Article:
Depending on the relationship among the time parametrizations of agents’ individual trajectories, the system trajectory

may exhibit different topological properties. These properties are indicative of the joint behavior of the system of agents, as they capture the succession with which agents traverse the intersection, e.g., which agent passed first/second, left/right. We classify system trajectories into a set of modes, each corresponding to an equivalence class of topologically equivalent joint behaviors, represented as a topological braid

[1, 4].

Iv-B Topological Braids

Braids are topological objects with geometric and algebraic descriptions, which enable us to abstract collective behaviors into symbols.

From a geometric point of view, a braid (or -braid) can be defined as a tuple , where , , is a function describing a curve, monotonically increasing in the direction, called a strand, such that , and , where is a permutation in the symmetric group , and such that and . The set of the isotopy classes of -braids, along with the composition operation forms a group, called the braid group on strands, denoted as . By definition, the composition of two braids , , is also a braid , comprising a set of curves, defined as:

(2)

where ensures proper indexing.

From an algebraic point of view, following Artin’s presentation [1], the braid group can be generated from a set of primitive braids, , called generators (see Fig. 3), that satisfy the following relations:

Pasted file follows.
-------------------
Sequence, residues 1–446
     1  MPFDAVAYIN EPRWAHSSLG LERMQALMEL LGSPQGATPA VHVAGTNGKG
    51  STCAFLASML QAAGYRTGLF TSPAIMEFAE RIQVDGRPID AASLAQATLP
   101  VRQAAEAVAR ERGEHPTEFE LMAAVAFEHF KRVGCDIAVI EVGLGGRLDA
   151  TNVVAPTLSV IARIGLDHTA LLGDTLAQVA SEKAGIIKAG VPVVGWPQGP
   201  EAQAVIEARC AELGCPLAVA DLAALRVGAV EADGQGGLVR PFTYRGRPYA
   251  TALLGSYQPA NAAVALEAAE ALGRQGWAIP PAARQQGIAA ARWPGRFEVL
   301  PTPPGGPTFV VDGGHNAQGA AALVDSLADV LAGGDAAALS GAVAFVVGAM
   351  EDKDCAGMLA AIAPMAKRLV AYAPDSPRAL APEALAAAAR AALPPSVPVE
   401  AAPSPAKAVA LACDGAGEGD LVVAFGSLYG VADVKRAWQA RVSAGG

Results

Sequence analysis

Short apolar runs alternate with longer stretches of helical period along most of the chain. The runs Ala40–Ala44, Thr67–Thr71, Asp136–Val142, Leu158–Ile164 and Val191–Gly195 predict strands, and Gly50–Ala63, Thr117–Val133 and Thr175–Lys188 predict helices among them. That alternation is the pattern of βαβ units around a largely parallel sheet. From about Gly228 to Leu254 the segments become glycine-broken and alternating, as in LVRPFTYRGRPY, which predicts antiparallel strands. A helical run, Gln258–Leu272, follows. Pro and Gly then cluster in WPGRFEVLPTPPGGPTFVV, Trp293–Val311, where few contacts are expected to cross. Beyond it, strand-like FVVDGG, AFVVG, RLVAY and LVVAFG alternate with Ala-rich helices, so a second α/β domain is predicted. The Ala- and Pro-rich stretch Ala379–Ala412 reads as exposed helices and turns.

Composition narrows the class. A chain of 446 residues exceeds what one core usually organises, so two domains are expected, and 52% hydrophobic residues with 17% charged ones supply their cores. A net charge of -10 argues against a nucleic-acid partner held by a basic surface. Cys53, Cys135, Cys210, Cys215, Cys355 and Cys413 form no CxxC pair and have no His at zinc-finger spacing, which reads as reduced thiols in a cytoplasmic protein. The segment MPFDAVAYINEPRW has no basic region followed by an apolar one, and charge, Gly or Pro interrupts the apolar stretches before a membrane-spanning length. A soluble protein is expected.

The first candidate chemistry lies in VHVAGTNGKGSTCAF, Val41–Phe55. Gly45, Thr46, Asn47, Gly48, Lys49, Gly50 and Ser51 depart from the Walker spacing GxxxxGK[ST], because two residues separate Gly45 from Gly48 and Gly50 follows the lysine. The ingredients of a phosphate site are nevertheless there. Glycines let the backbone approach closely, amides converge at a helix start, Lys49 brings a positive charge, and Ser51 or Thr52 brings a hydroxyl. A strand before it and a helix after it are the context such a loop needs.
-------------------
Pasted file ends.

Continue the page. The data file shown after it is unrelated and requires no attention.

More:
(3)
(4)

(a)

(b)

(c)
Fig. 3: The generators of the Braid Group .

Fig. 4: The Composition for the Braid Group .

A generator , is a braid , for which it holds that , where is an adjacent transposition (a permutation swapping only two adjacent elements) swapping the elements and , and

, at unique moment

that . The inverse of , denoted as , is the braid , for which it holds that , and , at the unique moment that . The identity element, , is defined by the trivial permutation which fixes all elements of the set . Any braid can be written as a product of generators and generator inverses. This product is commonly referred to as braid word.

Iv-C Modes of Joint Behavior as Topological Braids

Consider the tuple containing the trajectories of agents, describing their motion as they traverse the intersection of Sec. III. Denote by

a unit vector parallel to the plane

-. Let us define a set of functions , , where is a small positive number, such that:

(5)